En español | The makers of Prevagen are “deceiving millions of aging Americans” with claims that the supplement can treat age-related memory loss, AARP says in a new brief supporting a federal false advertising lawsuit.
Prevagen, manufactured by Quincy Bioscience of Madison, Wis., is a popular dietary supplement sold in pharmacies across the nation. In its advertising campaigns, the company has promoted Prevagen as “clinically shown” to restore memory loss.
Last year, the Federal Trade Commission (FTC) and New York’s attorney general sued Quincy Bioscience for false advertising in federal district court in New York. The case was dismissed but is being appealed to the Second Circuit Court of Appeals.
“The statements Quincy Bioscience makes to sell Prevagen — that it treats memory loss — are unsubstantiated and misleading,” said Julie Nepveu, a senior attorney with AARP Foundation Litigation, which filed the brief on behalf of AARP and the foundation.
“Supplement companies have keyed into the idea that older people are going to spend a ton of money on their products because they want to feel better,” Nepveu added. “We don’t think they should get to prey on people’s fears or claim their product offers some health benefit they cannot prove.” Unlike prescription drugs, supplements are not subject to Food and Drug Administration approval.
AARP has joined other advocacy organizations in writing to the appeals court arguing that the company’s statements about the supplement’s effectiveness have no basis in science. The brief also says the lower-court judge misinterpreted a study Quincy Bioscience uses to back its claim that Prevagen “supports brain function.”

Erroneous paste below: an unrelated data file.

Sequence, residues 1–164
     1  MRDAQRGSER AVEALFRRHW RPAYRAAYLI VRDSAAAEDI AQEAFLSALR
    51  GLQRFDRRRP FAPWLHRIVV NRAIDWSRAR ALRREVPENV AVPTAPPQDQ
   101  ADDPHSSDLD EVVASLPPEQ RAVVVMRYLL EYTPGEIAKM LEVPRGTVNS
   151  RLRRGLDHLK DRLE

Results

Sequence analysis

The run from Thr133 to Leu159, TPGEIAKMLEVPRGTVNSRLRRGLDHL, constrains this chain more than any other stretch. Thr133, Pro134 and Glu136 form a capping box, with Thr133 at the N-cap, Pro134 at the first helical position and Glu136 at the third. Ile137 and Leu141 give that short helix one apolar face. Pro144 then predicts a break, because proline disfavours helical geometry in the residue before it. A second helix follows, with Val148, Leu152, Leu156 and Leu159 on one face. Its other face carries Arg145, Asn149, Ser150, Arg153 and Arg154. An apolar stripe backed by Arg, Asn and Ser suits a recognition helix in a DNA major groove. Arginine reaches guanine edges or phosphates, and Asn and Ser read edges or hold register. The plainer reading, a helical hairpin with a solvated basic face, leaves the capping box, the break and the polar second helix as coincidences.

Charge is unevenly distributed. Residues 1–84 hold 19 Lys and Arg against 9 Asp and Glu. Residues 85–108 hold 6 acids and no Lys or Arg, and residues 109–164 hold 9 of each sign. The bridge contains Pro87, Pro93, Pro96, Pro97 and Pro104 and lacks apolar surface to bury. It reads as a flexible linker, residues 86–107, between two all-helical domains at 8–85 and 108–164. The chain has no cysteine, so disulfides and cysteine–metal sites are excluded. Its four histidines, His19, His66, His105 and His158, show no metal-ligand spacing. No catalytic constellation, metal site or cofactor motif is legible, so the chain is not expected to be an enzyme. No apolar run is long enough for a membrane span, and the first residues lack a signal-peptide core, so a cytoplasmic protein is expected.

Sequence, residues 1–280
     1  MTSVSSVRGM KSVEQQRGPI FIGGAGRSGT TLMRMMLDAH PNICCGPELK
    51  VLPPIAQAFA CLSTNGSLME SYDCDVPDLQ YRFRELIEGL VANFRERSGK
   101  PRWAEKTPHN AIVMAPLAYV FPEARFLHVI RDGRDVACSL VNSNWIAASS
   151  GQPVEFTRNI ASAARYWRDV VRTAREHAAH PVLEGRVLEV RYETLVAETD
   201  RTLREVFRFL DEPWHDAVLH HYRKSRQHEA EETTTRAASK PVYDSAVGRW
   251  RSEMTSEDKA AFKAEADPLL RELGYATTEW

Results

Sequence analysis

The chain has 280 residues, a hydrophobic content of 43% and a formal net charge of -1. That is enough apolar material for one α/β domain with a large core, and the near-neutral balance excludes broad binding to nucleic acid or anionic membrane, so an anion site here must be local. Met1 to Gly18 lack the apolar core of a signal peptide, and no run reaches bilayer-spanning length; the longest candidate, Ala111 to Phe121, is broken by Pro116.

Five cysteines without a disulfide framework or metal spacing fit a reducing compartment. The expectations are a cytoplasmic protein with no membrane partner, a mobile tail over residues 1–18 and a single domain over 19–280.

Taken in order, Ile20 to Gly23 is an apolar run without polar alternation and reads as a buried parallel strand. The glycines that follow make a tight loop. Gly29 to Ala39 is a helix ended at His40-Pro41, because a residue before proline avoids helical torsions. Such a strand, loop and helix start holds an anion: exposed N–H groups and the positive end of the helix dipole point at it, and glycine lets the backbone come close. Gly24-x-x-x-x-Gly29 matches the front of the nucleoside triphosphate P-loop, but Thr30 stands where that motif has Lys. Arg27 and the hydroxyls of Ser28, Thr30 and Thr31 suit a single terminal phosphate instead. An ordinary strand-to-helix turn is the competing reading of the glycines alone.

In a statement released in response to the lawsuit, Quincy Bioscience says that the case “is another example of government overreach and regulators extinguishing innovation by imposing arbitrary new rules on small businesses like ours.”
Quincy Bioscience has made tens of millions of dollars on Prevagen, which sells for $33 to $60 for a one-month supply, by advertising it as a proven treatment for the memory loss associated with dementia. Sarah Lock, executive director of the Global Council on Brain Health and senior vice president for policy at AARP, said Prevagen is popular because people are desperate for a cure for dementia-related diseases such as Alzheimer’s.
“In the absence of a cure, companies offer supplements and make unfounded claims about their effectiveness,” Lock said. “Older people are clearly one of the biggest targets of the supplement industry.”
The widespread belief that supplements work has made older consumers more susceptible to claims like those made about Prevagen. Of adults age 40 and older surveyed by AARP in 2015, 77 percent said they believe that vitamins and supplements are at least somewhat important to maintaining or improving brain health, and 65 percent said they regularly take supplements.
Lock said that rather than turning to supplements for unproven cures, consumers who want to ward off age-related dementia should adopt lifestyle changes that promote good brain health. “There is far, far more sound evidence for the benefits of exercise, sleep and good nutrition to help people maintain cognitive health,” Lock said.
If the appeal succeeds and the case against Quincy Bioscience is allowed to proceed, Nepveu said the FTC and New York Attorney General Eric Schneiderman will have the opportunity to prove that Prevagen’s study data were manipulated and that the product’s advertising claims are false.
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